The United States wants to encourage startups. But foreign-born entrepreneurs say the visa system here makes it extremely difficult for them to do that. They’re pressing for a “startup” visa that would let them stay here and set up shop. The World’s Monica Campbell reports. http://ow.ly/iT46M 

Chile has such a program. It’s called Start-Up Chile. They also give you $40,000 seed money.

BTW, Chile also allows non-citizen residents to vote (after five years). Because, you know, no taxation without representation. 

Politicalprof: Crowd sourcing a revolution ...

From politicalprof:

So, at the risk of drawing the ire of the FBI, a question:

—can anyone name a single case in which a stable liberal democracy degenerated into an authoritarian dictatorship (the kind always invoked by the gun loonies when insisting that taking away assault rifles will make it easy for the government to impose a dictatorship on America)?

Here’s a hint: Weimar doesn’t count. It wasn’t stable, and it wasn’t politically legitimate having been imposed on Germany by the victorious powers in WWI and then abandoned. I’m talking real, established, legitimate democracies here (and no, that there is no such thing as a perfect democracy isn’t really an answer, either). We’re talking real world, not survivalist fan fiction.

Go ahead. Find one. I dare you. Heck, I double dog dare you.

I can think of at least two, but they don’t necessarily confirm the “gun rights” perspective. In 1973 both Chile and Uruguay (both generally considered “stable democracies” prior to that) were overthrown in military coups. As far as I know, Allende didn’t make any efforts to limit gun rights prior to the coup (the subject’s never mentioned in any of the literature I’m familiar with). I’m also not sure that Pinochet changed any of the gun laws after the coup.

The 1973 Chilean coup was the product of increasing political polarization between the left and right, and preceded by growing threats (and activity) by armed militants on both sides. In particular, radical elements of the left (which supported the Socialist president, Salvador Allende) formed a few militias (MIR, in particular). It’s worth noting that when Pinochet launched his coup, the full weight of the army and air force obliterated whatever resistance these forces offered. Again, like with Chile, I don’t know of any evidence that gun laws were changed prior to or after the coup.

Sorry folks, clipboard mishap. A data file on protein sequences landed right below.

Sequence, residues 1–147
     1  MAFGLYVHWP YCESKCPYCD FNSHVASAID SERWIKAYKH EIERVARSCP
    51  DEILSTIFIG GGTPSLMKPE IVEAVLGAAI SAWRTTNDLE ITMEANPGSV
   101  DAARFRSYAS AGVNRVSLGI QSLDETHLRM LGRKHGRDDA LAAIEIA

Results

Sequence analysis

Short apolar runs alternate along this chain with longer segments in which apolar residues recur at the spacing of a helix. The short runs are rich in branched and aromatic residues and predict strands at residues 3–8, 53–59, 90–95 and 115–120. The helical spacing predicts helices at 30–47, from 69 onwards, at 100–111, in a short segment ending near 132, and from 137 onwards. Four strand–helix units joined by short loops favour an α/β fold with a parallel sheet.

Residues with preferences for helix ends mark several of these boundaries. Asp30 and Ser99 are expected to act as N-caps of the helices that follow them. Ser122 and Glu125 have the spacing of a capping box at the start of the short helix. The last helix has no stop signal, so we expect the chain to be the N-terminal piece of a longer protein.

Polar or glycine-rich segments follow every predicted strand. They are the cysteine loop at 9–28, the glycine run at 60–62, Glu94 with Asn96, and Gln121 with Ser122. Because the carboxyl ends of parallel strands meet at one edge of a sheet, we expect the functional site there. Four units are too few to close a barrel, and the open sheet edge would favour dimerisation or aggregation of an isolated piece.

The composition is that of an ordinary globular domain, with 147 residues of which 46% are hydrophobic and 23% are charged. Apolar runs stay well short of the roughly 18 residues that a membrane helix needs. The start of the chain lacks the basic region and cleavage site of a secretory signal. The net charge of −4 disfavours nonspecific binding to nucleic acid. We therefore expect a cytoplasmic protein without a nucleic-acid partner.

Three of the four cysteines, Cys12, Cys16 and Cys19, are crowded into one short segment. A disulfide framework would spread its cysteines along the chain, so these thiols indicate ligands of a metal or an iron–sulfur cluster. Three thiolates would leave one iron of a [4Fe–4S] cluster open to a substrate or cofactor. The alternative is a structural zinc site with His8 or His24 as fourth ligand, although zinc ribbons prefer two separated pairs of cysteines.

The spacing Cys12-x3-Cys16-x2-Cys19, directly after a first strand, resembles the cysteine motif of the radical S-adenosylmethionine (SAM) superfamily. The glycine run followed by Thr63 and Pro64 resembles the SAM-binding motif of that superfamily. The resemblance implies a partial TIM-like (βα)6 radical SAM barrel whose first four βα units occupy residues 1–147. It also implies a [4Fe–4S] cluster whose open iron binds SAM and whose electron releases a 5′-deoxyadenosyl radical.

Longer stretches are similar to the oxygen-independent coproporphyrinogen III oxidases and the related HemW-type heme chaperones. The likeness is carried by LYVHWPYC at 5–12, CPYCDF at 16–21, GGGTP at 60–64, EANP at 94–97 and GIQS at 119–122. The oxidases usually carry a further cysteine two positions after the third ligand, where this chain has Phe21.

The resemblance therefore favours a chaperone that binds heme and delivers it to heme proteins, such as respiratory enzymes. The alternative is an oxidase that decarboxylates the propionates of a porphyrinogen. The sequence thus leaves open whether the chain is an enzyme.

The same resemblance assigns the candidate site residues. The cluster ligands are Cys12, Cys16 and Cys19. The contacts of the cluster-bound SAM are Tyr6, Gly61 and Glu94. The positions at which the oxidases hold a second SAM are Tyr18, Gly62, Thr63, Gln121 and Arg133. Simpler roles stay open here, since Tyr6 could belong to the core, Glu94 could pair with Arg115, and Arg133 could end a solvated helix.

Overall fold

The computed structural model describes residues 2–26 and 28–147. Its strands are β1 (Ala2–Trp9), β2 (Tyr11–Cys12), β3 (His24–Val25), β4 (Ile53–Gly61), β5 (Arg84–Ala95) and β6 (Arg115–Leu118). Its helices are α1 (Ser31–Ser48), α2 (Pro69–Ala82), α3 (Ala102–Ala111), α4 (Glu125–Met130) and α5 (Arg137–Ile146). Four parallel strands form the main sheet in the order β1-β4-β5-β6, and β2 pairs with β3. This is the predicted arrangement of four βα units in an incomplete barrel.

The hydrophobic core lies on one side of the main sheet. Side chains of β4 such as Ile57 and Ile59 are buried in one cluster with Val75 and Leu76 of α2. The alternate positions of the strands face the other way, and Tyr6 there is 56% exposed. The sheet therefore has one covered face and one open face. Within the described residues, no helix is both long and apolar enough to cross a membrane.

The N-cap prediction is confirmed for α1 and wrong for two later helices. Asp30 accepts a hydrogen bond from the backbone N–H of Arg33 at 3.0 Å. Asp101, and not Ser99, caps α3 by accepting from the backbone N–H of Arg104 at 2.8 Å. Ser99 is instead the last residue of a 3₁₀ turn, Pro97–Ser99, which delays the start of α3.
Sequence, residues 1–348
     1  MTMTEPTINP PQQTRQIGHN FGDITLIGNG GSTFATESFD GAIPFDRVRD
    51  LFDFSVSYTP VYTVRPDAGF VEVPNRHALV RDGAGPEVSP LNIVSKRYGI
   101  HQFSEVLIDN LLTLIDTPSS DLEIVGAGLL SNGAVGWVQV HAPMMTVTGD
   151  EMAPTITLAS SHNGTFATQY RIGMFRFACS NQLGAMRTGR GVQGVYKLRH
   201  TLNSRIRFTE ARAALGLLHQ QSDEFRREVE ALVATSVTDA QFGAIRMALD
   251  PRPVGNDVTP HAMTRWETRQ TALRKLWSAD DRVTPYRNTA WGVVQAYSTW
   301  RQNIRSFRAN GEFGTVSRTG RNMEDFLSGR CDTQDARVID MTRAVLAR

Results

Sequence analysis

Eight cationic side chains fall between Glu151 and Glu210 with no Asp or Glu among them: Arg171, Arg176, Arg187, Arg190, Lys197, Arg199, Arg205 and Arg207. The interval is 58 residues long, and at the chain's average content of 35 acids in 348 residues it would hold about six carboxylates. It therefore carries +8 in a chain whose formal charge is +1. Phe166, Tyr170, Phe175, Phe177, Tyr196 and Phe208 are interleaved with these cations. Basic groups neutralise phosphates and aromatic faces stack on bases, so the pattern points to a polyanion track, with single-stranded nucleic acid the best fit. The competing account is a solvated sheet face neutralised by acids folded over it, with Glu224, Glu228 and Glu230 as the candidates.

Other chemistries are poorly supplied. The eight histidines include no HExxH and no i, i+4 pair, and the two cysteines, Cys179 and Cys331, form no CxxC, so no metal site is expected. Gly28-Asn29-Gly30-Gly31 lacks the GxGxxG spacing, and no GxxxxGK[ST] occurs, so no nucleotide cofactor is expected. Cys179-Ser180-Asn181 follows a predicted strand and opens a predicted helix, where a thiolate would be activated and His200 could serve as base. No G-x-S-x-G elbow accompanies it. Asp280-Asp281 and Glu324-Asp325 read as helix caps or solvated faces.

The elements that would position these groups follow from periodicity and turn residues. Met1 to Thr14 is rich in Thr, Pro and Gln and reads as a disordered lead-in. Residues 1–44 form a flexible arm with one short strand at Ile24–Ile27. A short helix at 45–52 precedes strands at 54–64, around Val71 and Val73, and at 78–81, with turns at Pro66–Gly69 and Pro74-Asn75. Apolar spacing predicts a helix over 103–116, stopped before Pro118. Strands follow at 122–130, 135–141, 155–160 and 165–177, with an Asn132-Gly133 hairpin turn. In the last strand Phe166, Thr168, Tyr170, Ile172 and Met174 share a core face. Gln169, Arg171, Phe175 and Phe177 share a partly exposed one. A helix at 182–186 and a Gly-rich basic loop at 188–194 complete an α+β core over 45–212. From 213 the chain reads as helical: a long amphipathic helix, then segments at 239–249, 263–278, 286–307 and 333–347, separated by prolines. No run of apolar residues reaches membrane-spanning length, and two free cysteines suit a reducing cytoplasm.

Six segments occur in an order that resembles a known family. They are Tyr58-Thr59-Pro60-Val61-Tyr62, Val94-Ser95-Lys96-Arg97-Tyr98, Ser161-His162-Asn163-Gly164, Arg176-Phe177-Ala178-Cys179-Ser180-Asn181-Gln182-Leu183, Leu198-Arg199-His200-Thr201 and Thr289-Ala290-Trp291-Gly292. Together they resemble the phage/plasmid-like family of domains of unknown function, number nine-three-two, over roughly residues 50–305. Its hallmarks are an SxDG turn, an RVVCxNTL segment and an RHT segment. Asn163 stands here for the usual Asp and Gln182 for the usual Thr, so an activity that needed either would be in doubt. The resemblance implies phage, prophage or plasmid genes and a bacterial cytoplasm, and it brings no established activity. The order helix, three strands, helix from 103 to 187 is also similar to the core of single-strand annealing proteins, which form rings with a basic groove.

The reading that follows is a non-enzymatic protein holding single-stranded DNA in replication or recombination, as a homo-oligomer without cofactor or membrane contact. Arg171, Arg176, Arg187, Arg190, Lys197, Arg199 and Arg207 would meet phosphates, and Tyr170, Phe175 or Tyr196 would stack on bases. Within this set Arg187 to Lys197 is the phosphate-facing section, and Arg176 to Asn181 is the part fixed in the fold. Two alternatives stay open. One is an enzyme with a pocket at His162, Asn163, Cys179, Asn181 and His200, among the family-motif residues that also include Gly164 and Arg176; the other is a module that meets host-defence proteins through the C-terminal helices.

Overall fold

The 1973 coup in Uruguay came in a slightly different fashion. By then, inspired by the Cuban Revolution, radical leftists (known as Tupamaros) had been waging a guerrilla insurgency and/or terrorism campaign (depending on who you ask) against the established regime. In 1973, the Uruguay military decided to step in and seize power.

Obviously, both regimes were brutal in their repression against dissidents. But, on the whole, their focus was on restricting civil liberties (freedoms of the press, speech, assembly, etc.) rather than gun rights. 

Talking about Chile’s party system today in INST 318 (a Croft seminar on “political parties in new democracies”). I like to show campaign adds from time to time. They seem to make the political systems more “real” to students. Here’s an ad from Michelle Bachelet’s presidential campaign.

The ad was called “Bachelet Estoy Contigo” and uses a diverse cast of Chileans to give a campaign speech.

Here’s a link to a campaign ad for Sebastian Piñera, Bachelet’s opponent in the 2005-06 election, who went on to win in 2009-10 (both elections went to a second round). Piñera was the first candidate from the right to win since the end of the Pinochet dictatorship. In his ad, Piñera proclaims the need to move forward, and to set aside the past (“nostalgia”).

Both ads are from the same 2005-06 presidential contest.

adam-wola:

“Shock,” Ana Tijoux’s tribute to Chile’s burgeoning student protest movement. See also the video for “Sacar la Voz.”

I was actually going to use this in class today while we discussed Chile’s unique binominal electoral system.

The unique electoral system—which uses two-seat districts with an open-list PR formula—is a legacy of the Pinochet era. It was consciously designed to ensure that conservatives (about 1/3 of the electorate) could ensure nearly 50% of the seats.

Two decades after the transition to democracy, many Chileans (particularly younger ones with little or no memory of the Pinochet dictatorship) are demanding reforms to the Pinochet-imposed institutional framework.

BTW, you should check out Ana Tijoux’s autobiographical “1977”.